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A Collection of Newfoundland Wills
Mary Hearn


Will of Mary Hearn
from Newfoundland will books volume 3 pages 450-451 probate year 1876

In re
     Mary Hearn deceased.

This is the last will and testament of me Mary Hearn of St. John’s Newfoundland widow of the late Patrick Hearn of St. John’s aforesaid Merchant. I revoke all former wills and testaments by me at any time made.     I give devise and bequeath all my estate property and effects to my sons James Hearn and Thomas J. Hearn my executors hereinafter named in trust as follows:     I give and bequeath to my said sons James and Thomas J. Hearn my interest in the dwelling house I now occupy in Water Street and in the premises in which our business is now carried on share and share alike as tenants in common     I give and bequeath my household furniture plate and effects in and about my said house equally to my said sons and my daughter Alice and son John including my piano.     I give and bequeath my interest in the mercantile business carried on in St. John’s under the firm of “J. & T. Hearn” subject to the terms of our co-partnership deed bearing date the twenty-ninth day of April 1874 equally to my said sons James, Thomas J. and John and my daughter Alice the business hereinafter to be for the benefit of the said James and Thomas J. as agreed upon in the said deed     I give and bequeath to my said daughter Alice the shares standing in my name in the Union Bank of Newfoundland, the value thereof to be deducted from the interest of my said daughter in my general estate.     All the rest and residue of my estate and effects not specifically bequeathed I give and bequeath equally to my said children     I direct that the share to which my said daughter Alice is entitled shall be for her own use and benefit and not to be subject to the debts control or management of any husband with whom she may intermarry.     I direct that the share to which my said son John Hearn may be entitled under this my will shall not be paid to or claimable by him until he shall arrive at the age of twenty-four years I appoint my said sons James and Thomas J. Hearn executors of this my will     In witness whereof I have to this my last will and testament signed my name this fourth day of January A.D. 1876 at St. John’s aforesaid,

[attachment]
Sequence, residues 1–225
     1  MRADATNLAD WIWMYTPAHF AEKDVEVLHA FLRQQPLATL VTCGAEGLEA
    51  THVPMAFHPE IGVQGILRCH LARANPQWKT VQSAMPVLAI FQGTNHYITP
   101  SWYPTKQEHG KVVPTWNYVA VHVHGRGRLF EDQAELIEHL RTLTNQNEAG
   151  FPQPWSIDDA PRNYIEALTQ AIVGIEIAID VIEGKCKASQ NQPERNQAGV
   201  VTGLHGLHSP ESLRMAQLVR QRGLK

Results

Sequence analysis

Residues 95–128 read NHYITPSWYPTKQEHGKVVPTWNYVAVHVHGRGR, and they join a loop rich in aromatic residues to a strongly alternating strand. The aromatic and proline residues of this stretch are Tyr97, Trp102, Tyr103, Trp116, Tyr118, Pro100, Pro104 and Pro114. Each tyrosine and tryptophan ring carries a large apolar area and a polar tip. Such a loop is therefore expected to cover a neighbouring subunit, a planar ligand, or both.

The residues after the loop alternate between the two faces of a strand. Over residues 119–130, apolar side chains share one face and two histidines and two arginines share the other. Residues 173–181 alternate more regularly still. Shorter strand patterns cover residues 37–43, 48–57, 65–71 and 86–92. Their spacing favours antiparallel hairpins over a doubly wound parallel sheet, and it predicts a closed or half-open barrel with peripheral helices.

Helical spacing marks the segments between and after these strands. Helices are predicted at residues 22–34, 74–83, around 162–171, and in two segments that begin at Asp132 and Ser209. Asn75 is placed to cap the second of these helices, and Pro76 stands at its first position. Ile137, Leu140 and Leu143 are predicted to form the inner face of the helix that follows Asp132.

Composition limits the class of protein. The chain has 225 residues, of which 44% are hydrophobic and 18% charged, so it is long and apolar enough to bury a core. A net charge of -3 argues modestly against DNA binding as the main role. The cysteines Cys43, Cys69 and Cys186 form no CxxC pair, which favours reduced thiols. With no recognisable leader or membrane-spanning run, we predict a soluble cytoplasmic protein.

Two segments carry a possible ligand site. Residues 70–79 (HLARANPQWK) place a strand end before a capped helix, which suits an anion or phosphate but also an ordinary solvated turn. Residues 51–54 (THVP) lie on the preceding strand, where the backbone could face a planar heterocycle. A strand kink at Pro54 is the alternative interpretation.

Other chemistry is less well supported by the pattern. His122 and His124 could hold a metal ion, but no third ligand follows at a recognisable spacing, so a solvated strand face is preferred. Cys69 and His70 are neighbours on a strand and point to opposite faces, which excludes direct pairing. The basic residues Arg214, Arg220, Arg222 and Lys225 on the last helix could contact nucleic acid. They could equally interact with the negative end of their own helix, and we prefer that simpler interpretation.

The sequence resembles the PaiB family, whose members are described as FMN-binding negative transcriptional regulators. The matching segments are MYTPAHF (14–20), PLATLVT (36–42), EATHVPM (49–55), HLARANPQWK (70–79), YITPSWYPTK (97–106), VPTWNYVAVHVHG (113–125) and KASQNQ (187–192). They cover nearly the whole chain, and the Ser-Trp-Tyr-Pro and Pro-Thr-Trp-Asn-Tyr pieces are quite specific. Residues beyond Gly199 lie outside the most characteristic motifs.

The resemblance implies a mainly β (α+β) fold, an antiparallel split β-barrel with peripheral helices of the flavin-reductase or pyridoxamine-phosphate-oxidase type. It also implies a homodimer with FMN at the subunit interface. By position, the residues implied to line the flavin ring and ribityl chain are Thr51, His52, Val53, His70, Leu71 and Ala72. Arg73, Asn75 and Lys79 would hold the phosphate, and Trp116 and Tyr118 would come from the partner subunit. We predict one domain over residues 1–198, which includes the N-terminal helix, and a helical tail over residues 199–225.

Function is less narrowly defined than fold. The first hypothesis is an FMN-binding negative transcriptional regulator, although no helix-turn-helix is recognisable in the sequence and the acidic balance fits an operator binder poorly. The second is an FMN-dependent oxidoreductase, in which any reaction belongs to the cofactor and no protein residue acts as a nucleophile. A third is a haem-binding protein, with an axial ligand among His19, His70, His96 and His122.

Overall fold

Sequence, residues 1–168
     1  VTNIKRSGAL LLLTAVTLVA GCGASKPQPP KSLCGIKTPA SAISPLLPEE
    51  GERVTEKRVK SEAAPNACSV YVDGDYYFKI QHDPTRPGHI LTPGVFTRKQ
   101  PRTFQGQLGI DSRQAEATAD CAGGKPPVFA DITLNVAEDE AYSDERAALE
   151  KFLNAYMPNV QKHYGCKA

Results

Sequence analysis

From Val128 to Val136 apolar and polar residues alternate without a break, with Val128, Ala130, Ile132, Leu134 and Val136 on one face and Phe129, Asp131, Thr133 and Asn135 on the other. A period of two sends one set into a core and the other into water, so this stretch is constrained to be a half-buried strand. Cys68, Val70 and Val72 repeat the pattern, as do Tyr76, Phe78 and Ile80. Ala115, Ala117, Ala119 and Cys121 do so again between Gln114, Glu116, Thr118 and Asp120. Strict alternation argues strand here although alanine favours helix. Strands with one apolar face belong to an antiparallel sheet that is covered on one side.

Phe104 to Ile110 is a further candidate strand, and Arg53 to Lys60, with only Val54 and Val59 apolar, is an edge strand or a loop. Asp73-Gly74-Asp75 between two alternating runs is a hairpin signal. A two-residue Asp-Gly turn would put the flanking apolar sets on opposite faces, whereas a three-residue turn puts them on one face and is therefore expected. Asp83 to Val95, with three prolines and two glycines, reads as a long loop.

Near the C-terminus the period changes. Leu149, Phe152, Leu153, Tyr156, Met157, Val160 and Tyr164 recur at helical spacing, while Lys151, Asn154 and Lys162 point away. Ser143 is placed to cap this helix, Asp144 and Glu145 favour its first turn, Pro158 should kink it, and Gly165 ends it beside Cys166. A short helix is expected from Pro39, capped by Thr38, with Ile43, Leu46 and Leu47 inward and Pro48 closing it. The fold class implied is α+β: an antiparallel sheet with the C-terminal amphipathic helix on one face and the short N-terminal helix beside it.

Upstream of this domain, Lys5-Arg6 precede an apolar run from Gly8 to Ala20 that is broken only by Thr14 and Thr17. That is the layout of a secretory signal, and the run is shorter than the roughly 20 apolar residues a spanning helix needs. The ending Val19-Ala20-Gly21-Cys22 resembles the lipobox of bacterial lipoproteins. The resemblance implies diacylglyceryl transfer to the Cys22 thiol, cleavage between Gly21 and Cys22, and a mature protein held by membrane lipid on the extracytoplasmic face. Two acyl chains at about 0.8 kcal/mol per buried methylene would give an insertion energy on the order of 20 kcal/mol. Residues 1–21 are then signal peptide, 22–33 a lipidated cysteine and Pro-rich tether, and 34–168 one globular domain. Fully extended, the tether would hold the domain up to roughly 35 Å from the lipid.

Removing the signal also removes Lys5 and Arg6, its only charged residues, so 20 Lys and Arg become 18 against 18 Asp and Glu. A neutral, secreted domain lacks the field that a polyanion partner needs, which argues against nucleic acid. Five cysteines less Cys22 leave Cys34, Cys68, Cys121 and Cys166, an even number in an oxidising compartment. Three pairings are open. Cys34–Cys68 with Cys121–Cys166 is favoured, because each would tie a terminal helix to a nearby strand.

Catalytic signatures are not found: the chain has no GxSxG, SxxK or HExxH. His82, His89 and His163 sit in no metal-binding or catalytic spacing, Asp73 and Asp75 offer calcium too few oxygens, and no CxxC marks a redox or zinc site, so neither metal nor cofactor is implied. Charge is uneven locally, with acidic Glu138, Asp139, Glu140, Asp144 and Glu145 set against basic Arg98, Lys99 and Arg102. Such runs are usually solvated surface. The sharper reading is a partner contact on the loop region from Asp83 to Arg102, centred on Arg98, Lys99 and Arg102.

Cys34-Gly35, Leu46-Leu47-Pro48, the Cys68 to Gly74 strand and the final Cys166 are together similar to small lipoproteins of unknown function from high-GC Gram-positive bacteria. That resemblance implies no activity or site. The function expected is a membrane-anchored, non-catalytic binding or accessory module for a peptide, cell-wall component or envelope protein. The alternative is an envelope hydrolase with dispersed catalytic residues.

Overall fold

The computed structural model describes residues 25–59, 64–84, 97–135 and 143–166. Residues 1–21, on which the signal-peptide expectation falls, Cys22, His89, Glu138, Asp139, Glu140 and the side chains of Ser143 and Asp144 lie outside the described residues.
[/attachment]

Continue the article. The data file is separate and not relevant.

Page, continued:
Mary Hearn.     Signed published and declared by the testator as for her last will and testament in our presence and in the presence of each other, F.B.T. Carter. W. Forristall.

Certified correct,
D. M. Browning



Note: The wills in those will books are NOT actual wills. They are either hand-written copies or in later years typed copies of a, "last will and testament," written or typed by the court clerk, after the death of the testator, when the executor presented them to the court for probate. The court clerk didn't list the signatures at the bottom, he (or she) just put them in the book in whatever order they were in, on the original document, no spacing most of the time, no punctuation. The originals were kept by the executor.

We who have typed these wills, have made every effort to include all the errors that were on the microfilm, in order to avoid destroying the integrity of the originals, where ever they may be.

Page Contributed by Judy Benson & Ivy F. Benoit

Page Revised by Ivy F. Benoit (Wednesday February 20, 2013)

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